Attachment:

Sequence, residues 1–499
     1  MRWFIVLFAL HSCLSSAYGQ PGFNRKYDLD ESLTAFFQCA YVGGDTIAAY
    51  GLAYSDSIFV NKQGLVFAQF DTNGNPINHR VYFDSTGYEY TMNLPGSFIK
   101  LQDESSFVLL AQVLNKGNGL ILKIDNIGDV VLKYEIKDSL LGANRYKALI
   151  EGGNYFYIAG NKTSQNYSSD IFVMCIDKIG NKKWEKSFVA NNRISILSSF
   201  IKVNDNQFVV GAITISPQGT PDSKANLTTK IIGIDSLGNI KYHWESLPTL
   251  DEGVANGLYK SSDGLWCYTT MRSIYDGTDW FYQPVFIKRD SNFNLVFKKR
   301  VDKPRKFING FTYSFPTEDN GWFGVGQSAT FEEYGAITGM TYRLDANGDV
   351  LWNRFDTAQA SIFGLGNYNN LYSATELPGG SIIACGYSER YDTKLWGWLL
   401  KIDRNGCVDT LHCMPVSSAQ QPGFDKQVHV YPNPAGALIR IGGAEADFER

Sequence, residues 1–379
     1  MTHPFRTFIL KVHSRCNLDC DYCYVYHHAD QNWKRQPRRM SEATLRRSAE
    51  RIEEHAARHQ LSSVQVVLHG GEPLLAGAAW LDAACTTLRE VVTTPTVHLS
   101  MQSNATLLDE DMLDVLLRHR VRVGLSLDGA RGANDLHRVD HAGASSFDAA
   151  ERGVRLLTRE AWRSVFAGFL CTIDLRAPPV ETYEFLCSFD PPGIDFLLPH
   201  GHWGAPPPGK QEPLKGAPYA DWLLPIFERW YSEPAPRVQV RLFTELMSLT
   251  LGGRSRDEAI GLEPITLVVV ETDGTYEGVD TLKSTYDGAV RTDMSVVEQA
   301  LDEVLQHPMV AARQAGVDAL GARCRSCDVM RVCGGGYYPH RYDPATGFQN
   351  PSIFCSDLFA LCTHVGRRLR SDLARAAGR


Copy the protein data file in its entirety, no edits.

Sequence, residues 1–499
     1  MRWFIVLFAL HSCLSSAYGQ PGFNRKYDLD ESLTAFFQCA YVGGDTIAAY
    51  GLAYSDSIFV NKQGLVFAQF DTNGNPINHR VYFDSTGYEY TMNLPGSFIK
   101  LQDESSFVLL AQVLNKGNGL ILKIDNIGDV VLKYEIKDSL LGANRYKALI
   151  EGGNYFYIAG NKTSQNYSSD IFVMCIDKIG NKKWEKSFVA NNRISILSSF
   201  IKVNDNQFVV GAITISPQGT PDSKANLTTK IIGIDSLGNI KYHWESLPTL
   251  DEGVANGLYK SSDGLWCYTT MRSIYDGTDW FYQPVFIKRD SNFNLVFKKR
   301  VDKPRKFING FTYSFPTEDN GWFGVGQSAT FEEYGAITGM TYRLDANGDV
   351  LWNRFDTAQA SIFGLGNYNN LYSATELPGG SIIACGYSER YDTKLWGWLL
   401  KIDRNGCVDT LHCMPVSSAQ QPGFDKQVHV YPNPAGALIR IGGAEADFER

Sequence, residues 1–379
     1  MTHPFRTFIL KVHSRCNLDC DYCYVYHHAD QNWKRQPRRM SEATLRRSAE
    51  RIEEHAARHQ LSSVQVVLHG GEPLLAGAAW LDAACTTLRE VVTTPTVHLS
   101  MQSNATLLDE DMLDVLLRHR VRVGLSLDGA RGANDLHRVD HAGASSFDAA
   151  ERGVRLLTRE AWRSVFAGFL CTIDLRAPPV ETYEFLCSFD PPGIDFLLPH
   201  GHWGAPPPGK QEPLKGAPYA DWLLPIFERW YSEPAPRVQV RLFTELMSLT
   251  LGGRSRDEAI GLEPITLVVV ETDGTYEGVD TLKSTYDGAV RTDMSVVEQA
   301  LDEVLQHPMV AARQAGVDAL GARCRSCDVM RVCGGGYYPH RYDPATGFQN
   351  PSIFCSDLFA LCTHVGRRLR SDLARAAGR